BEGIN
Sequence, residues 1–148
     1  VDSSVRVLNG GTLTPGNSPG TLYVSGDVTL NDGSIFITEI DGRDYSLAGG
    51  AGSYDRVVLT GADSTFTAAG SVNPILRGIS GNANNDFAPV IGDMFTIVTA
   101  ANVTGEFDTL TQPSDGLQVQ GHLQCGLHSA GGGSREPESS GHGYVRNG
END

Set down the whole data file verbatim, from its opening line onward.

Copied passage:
Sequence, residues 1–148
     1  VDSSVRVLNG GTLTPGNSPG TLYVSGDVTL NDGSIFITEI DGRDYSLAGG
    51  AGSYDRVVLT GADSTFTAAG SVNPILRGIS GNANNDFAPV IGDMFTIVTA
   101  ANVTGEFDTL TQPSDGLQVQ GHLQCGLHSA GGGSREPESS GHGYVRNG